Going wide in Galicia

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Wide-angle lens photography in Galicia

Fujifilm X-T1, Fujinon 14mm f2.8 lens, 1/125 @  f9, ISO 400

There’s a seaside town in north-west Galicia called Muxia. The town has a church (Virxe da Barca) built on a rocky outpost facing the sea. On the rocks below it is a stone (Pedra d’Abalar) which people crawl under for luck. Muxia is on the final leg of the Camino de Santiago from the city of Santiago to Finisterre (or Fisterra in Galician, the local dialect). Pilgrims and tourists pass through, visiting the church, taking selfies, crawling under the lucky rock –and getting in the way of photographers like me who would just like to take a photo without anybody in it.

The solution was to move in as close to the lucky rock with a 14mm lens (APS-C) as I could. This let me frame the rock and the church in a way that included the dramatic sky and excluded every one of the 30 or so people wandering around.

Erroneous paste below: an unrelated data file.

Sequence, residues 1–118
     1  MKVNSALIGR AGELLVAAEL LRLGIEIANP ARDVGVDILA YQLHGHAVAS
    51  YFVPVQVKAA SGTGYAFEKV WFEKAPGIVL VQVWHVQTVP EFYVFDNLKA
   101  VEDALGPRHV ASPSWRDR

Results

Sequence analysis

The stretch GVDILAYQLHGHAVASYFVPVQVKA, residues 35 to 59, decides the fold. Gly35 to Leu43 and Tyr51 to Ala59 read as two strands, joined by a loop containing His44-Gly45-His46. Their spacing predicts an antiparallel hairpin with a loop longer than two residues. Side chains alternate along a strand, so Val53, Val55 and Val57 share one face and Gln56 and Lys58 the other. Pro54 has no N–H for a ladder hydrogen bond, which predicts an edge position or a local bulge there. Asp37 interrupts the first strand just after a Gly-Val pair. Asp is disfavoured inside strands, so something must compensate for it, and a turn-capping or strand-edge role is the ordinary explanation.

I converted the image to black and white in Lightroom to emphasise the hard, dramatic light (photo taken mid-afternoon) and the texture of the rock and church.

Here is another wide-angle photo showing the lucky rock in its entirety, and some of the other people visiting the scene.

Wide-angle lens photography in Galicia

These photos illustrate one of the fun elements of wide-angle lenses – the dramatic changes in viewpoint and perspective that moving around creates. You don’t get this with longer focal lengths.

 

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